IN MARIO VARGAS Llosa's latest novel there are two stories - that of Paul Gauguin, the Post-Impressionist painter, and that of Gauguin's grandmother Flora Tristan. Flora never met her grandson - she died in 1844, four years before his birth - and at first glance thev seem to have little in common: Flora was a suffragette, thought poets monsters of egotism, and, after a disastrous marriage, renounced sex; Gauguin, by contrast, set out to create his own private Eden, believed art was inseparable from religion, and was a sexual libertine. But as their stories unfold in alternate chapters, narrated through a series of flashbacks, we come to see that they share more than simple blood ties.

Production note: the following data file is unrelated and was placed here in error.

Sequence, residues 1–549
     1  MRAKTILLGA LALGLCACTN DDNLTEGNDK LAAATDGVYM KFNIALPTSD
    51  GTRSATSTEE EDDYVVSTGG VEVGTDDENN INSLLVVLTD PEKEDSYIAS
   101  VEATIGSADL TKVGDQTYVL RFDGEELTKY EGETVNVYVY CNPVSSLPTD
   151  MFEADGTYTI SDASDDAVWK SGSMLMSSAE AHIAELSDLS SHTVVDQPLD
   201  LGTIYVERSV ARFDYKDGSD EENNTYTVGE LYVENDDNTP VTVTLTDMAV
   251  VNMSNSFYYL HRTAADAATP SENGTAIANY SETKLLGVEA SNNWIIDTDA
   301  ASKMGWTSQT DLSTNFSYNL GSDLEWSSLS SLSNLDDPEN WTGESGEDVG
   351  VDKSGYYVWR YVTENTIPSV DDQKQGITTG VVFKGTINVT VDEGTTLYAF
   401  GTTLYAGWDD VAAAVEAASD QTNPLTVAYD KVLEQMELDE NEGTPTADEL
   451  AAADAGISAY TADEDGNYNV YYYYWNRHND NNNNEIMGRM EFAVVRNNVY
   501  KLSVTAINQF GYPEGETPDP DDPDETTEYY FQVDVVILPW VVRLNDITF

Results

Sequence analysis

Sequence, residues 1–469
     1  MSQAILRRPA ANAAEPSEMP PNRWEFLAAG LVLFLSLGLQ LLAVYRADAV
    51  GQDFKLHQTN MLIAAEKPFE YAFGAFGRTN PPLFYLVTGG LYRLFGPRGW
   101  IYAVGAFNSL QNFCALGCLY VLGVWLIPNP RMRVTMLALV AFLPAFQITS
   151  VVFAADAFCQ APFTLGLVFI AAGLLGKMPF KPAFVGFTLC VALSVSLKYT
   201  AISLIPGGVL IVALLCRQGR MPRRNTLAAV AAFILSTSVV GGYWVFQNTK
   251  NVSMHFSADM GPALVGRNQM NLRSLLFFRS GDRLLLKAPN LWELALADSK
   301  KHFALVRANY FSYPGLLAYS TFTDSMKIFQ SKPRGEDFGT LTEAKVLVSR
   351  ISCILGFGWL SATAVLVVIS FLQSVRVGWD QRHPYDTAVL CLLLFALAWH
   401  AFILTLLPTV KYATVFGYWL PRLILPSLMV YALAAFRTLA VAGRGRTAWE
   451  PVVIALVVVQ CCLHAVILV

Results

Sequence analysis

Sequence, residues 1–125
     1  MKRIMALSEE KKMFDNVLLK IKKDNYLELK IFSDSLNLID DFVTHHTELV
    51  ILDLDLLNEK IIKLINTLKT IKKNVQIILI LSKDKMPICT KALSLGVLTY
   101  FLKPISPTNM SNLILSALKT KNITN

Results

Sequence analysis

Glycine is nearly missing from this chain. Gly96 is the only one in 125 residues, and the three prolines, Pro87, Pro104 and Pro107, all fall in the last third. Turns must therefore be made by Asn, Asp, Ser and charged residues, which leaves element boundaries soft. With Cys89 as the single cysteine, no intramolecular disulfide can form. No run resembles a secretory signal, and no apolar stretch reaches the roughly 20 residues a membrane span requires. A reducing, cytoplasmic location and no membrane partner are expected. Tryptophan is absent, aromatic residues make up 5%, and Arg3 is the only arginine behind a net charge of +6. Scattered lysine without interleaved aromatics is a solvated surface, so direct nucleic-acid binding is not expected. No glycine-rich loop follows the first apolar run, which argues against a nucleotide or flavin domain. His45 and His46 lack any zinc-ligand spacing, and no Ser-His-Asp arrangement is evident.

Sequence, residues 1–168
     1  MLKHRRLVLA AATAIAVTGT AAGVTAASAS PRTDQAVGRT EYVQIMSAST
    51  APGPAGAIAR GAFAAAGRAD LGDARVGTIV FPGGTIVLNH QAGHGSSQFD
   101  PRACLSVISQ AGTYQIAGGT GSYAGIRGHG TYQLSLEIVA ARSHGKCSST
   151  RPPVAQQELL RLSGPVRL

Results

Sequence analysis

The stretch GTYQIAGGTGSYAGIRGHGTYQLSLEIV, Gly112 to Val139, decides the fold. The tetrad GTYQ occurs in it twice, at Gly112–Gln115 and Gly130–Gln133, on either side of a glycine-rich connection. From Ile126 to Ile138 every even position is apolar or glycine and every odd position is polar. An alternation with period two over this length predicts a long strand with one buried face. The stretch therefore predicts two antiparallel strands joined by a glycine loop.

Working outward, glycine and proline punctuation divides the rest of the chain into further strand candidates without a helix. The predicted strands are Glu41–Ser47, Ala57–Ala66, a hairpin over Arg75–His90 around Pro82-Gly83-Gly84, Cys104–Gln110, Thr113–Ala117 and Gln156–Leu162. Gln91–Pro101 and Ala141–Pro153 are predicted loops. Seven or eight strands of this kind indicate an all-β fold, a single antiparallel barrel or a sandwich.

Both spent time in the author's native Peru and were indelibly marked, if not transformed, by the experience. Flora, the illegitimate daughter of a wealthy Peruvian father and a French mother, grew up in poverty in Paris and sailed to South America to claim her inheritance. She was radicalised by